|Church in Wales parish church of SS Andrew and Teilo, Woodville Road, Cathays, Cardiff. Source: Wikipedia|
I have seen nothing about the event in Llandaff News flashes but there is confirmation that Portsmouth's largest church is 'looking West to plant a new church in Cardiff'.
Inspire Magazine reported on 1 June: a "team will be commissioned for its new role at a digital service on Sunday (Sun 24 May). The Bishop of Portsmouth, the Rt Rev Christopher Foster, has recorded a video message to be played as part of the service, expressing his joy at the move."
There is no mention of the bishop of Llandaff.
In March last year I reported that the bishop of Llandaff had sacrificed parishioners in the university church of St Teilo, Cathays, Cardiff in an initiative "to give their church away to an evangelical church called Holy Trinity Brompton. The decision was made with no consultation with the clergy or members of the congregation and wider community and she says the decision is final."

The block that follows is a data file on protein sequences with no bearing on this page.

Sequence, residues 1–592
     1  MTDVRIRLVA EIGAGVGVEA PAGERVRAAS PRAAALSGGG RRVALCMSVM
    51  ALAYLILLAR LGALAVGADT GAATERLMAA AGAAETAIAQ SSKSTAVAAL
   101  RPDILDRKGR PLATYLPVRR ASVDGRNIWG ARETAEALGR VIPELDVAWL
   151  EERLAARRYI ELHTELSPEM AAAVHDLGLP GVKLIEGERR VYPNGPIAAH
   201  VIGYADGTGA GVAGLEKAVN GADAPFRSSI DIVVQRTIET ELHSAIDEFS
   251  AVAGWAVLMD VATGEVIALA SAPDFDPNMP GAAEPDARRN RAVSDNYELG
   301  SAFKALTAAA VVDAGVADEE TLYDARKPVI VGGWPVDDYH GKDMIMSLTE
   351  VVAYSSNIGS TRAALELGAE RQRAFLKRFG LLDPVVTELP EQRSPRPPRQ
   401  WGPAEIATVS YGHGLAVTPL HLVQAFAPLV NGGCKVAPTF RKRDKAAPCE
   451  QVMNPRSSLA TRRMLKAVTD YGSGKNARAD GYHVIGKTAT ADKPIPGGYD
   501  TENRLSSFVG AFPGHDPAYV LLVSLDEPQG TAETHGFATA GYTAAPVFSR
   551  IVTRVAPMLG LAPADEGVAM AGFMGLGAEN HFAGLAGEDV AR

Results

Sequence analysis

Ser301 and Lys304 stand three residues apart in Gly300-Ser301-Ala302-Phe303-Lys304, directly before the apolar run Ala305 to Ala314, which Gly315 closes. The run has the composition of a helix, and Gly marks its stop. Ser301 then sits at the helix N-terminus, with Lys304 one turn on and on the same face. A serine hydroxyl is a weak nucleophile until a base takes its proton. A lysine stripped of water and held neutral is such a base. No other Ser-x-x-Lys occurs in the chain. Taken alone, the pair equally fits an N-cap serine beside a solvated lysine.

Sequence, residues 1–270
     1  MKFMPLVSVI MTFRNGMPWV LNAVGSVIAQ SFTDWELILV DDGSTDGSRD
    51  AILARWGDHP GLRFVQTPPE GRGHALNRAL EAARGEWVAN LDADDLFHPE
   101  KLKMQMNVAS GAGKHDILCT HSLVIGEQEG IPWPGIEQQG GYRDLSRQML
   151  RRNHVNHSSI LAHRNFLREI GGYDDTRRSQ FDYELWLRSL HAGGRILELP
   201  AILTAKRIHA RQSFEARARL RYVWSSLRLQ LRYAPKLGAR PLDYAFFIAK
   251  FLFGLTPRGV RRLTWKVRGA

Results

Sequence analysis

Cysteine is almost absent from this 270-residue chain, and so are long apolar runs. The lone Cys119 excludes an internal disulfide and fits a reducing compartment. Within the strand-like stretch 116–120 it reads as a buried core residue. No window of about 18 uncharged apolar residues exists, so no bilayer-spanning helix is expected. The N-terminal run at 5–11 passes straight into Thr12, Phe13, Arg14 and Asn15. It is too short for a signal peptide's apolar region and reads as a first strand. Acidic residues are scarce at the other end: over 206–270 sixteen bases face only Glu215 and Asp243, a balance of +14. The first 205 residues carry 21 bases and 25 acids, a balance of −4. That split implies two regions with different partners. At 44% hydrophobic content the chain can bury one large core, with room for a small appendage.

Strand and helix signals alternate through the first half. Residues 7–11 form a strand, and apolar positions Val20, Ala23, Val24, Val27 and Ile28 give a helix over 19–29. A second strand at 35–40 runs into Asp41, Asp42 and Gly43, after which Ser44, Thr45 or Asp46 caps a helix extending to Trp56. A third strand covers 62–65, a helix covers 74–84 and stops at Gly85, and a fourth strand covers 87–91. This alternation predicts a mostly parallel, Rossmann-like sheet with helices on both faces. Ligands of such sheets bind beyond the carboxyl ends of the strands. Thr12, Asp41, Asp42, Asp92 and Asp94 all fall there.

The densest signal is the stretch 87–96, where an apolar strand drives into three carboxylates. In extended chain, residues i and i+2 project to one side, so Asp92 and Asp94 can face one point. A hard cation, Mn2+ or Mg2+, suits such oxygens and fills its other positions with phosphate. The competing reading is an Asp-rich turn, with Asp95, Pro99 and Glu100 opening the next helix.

The Living Church commented at the time that plans for a church-planting partnership between the Church in Wales and London’s Holy Trinity Brompton had drawn resistance...The project will receive funding from the new Church in Wales Evangelism Fund, which has £10 million available for six dioceses and is similar to the Church of England’s Strategic Development Grants fund.
According to a statement from the diocese of Portsmouth, their Harbour Church began in September 2016 with just 20 people, and now welcomes 700 worshippers every Sunday to three different locations. It now plans to send a team of 40 people to Cardiff to set up a brand new church there from September.
"It will be called Citizen Church and will be based at St Teilo’s Church in the Cathays area of Cardiff. The 40-strong team includes 10 worshippers who already live there, a family moving from Brazil, some moving from London, and 17 worshippers who will relocate from Harbour Church in Portsmouth. It will be led by the Rev Ryan Forey, currently curate at Harbour Church."
When the project was unveiled in 2019 the Church in Wales suggested that the project would “seek to attract young people who are currently outside the church, eventually planting more church communities in the diocese", displacing existing congregations in the process.
Displacing regular worshippers has a familiar ring for traditionalist Anglicans who were forced out because they sought to keep the Apostolic faith against a tide of secularism.